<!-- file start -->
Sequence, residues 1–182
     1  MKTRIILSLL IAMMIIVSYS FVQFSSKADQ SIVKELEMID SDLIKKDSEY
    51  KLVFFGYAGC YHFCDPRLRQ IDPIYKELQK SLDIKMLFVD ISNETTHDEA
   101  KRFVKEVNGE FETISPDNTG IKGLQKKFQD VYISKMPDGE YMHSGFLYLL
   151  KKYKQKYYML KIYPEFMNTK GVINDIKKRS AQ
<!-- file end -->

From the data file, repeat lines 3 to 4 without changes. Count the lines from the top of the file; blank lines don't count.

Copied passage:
    51  KLVFFGYAGC YHFCDPRLRQ IDPIYKELQK SLDIKMLFVD ISNETTHDEA
   101  KRFVKEVNGE FETISPDNTG IKGLQKKFQD VYISKMPDGE YMHSGFLYLL